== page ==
I asked Bon to ask me some questions, following a meme that’s currently
circulating. You can check out her responses to the questions another
blogger asked her here. As part of the deal, I should offer to
interview any reader on their blog. I’m willing to try – and would
enjoy the distraction – but given the state of my life I can’t promise
Bon: what’s one book that impacted the way you see the world, and the good in it?
Me: This shouldn’t be such a hard question for an academic. I’m tempted to
answer in four directions: a book from my childhood, a book from my
undergraduate life, a book from my religious life, and a book from my
life as a grad student. For each of those phases, excluding my
undergraduate life, however, the one book restriction is tough and I
don’t want to wiggle out of that condition by listing a bunch. But to
mention my undergraduate life now seems ridiculously intellectually
immature. I’m sort of embarrassed in retrospect by my idealism and
Nevertheless, here goes. Rhy Isaac’s Transformation of Virginia (the
link is to a 1999 reprinting) made me want to be an historian and
fundamentally changed my understanding of social, economic, race and
class relationships in America when I read it as an 18 year old. He
argues, among other things, that Bacon’s Rebellion was a turning point
in the history of slavery and race relations in colonial North America.
(He wasn’t actually the architect of this idea but I didn’t know that
then.) Colonial officials destroyed any possible alliance between poor
whites and poor or enslaved blacks in the South by codifying race as a
legal category. For me, it was an epiphany – race is socially constructed.
I then became idealistic about how it could be deconstructed – it
seemed so easy back then. If everyone just understood that these rich
planters had created racism, well, people would see how silly it was to
think it exists really in biology and thus how silly it is to be
racist. How nice it would be had that worked out. Alas that’s a glimpse
into my mind 12 years ago. I won’t be cheating if I tell you that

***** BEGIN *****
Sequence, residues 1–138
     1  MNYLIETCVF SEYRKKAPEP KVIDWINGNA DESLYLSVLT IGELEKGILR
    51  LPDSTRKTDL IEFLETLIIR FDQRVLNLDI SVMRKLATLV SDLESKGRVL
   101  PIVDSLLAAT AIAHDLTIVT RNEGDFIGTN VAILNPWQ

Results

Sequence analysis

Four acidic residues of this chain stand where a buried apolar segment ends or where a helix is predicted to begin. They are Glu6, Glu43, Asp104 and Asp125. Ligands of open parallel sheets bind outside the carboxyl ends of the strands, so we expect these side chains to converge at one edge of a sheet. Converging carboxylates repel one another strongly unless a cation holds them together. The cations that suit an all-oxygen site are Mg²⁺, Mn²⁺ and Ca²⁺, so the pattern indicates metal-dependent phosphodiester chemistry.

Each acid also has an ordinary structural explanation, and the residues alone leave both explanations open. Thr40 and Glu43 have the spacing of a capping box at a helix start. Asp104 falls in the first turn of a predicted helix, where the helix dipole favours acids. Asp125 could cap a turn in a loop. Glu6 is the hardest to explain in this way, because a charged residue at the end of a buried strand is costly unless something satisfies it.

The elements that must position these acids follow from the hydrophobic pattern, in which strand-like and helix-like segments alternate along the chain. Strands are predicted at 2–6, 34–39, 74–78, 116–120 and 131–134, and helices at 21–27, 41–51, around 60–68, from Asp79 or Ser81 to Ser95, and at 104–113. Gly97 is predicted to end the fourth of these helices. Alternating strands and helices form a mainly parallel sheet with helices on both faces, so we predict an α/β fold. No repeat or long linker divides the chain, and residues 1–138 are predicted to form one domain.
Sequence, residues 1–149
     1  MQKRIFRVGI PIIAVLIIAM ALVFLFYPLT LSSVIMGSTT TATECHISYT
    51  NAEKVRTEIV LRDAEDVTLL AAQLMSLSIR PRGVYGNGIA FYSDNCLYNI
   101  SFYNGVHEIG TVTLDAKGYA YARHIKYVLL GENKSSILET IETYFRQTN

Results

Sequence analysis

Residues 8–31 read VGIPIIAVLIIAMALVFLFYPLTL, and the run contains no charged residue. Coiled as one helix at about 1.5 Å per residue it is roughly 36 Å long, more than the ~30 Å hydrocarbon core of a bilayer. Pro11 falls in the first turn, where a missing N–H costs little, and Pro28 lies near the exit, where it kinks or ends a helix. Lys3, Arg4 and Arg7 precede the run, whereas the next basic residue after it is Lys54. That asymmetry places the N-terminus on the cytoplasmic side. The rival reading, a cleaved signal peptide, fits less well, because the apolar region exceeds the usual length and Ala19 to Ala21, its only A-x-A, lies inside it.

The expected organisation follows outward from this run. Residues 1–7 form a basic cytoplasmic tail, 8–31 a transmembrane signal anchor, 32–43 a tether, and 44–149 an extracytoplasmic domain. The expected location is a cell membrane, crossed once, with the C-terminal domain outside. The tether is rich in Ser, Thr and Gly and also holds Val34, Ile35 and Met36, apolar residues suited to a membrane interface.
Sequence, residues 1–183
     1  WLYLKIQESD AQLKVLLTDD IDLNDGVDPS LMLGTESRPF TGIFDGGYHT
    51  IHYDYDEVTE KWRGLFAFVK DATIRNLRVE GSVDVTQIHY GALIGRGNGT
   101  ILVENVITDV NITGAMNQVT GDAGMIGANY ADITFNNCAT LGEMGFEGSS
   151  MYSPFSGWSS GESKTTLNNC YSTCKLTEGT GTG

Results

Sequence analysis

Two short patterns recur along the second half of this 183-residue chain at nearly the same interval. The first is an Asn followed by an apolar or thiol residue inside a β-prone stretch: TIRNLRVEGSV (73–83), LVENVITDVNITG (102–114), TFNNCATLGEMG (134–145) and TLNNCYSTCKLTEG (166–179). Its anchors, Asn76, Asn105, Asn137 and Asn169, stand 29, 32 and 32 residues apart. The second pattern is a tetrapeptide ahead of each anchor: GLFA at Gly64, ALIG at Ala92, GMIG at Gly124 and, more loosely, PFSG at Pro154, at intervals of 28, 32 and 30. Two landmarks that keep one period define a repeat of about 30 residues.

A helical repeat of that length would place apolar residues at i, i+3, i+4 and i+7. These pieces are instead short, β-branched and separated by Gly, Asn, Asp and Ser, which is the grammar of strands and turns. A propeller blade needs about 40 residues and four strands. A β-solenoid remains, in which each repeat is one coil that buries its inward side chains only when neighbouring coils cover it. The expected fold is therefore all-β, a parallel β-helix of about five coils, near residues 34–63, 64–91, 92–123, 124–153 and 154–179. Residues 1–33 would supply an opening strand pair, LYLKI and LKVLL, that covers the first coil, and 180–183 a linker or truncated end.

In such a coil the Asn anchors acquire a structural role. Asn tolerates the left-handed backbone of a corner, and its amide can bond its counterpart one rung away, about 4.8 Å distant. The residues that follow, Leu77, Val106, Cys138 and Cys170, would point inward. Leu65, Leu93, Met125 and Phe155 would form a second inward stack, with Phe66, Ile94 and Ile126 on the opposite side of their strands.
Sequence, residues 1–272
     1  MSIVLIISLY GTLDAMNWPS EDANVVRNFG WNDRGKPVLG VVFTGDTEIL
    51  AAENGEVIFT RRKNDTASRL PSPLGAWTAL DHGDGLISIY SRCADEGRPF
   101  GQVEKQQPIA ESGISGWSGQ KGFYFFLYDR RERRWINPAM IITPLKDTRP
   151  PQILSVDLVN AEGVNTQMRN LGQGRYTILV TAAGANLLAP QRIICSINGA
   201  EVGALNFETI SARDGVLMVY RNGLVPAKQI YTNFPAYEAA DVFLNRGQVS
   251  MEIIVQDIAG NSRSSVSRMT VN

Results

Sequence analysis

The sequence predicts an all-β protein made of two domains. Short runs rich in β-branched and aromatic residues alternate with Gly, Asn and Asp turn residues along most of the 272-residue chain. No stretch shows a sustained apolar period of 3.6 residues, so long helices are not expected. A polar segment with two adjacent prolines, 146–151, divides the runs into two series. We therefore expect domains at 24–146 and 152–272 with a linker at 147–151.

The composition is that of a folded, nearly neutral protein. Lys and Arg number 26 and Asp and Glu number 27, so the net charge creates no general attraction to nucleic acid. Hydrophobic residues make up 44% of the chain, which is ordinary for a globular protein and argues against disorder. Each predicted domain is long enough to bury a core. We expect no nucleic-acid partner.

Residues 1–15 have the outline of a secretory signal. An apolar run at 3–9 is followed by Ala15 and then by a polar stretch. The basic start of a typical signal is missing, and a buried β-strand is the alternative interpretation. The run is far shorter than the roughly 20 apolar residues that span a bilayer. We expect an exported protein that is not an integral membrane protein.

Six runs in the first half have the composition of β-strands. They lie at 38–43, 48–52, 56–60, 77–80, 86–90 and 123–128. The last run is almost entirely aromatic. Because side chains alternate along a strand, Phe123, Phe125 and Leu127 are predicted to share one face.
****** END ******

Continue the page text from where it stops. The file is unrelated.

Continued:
another book, Good Wives, Nasty Wenches and Anxious Patriarchs
by Kathy Brown develops this thesis further with gender also in mind
for Virginia. Or that Isaac’s book is also well-matched with Ira
Berlin’s Many Thousands Gone: The First Two Centuries of Slavery in North America.
Bon: what place does anger have in your life right now?
Me: Fast and more frequent than before yet not so prevalent as in the first 6
months. It burns out quickly. I find it’s more focused . That’s the
answer right now in any case. Could be different tomorrow. I do have a few people I’m angry at now for how they’ve responded and treated us. I struggle with a lingering feeling that some want to think I’m somehow responsible for Natan’s death – cosmically or practically – and I’m learning to live with that since I don’t think I can resolve it with them.
Bon: will you tell us the new baby’s name, when he is born? do you have one chosen, already?
Me: We are thinking about names but not certain yet and yes we will tell you.
I am torn, however, regarding when because tradition is to hold a boy’s
name secret until circumcision, 8 days after birth. More than that,
actually, it’s traditional to not name a boy at all until 8 days after
birth. I’ve transgressed that tradition, however, already by naming
Natan. I’m not compelled by arguments against naming a child when he’s
born, because having lived a tragedy, I feel left out and even betrayed
by the exclusion of younger babies who may not survive. Without being
too specific, it seems this tradition in part denies my son personhood,
and while I’m not threatened by that, it comes in tandem with the
feeling that some of my more strictly observant friends don’t want to
accept the enormity of my loss.
That said, there’s no point in criticizing too heavily, because our
congregation has allowed us to and helped us in mourning our son. I
just have some surviving issues with particular folks who don’t grasp
how profoundly Natan’s death has affected and changed us.
There are two more questions left for me to answer, and I will. This was just all the thinking/typing I could handle for now.
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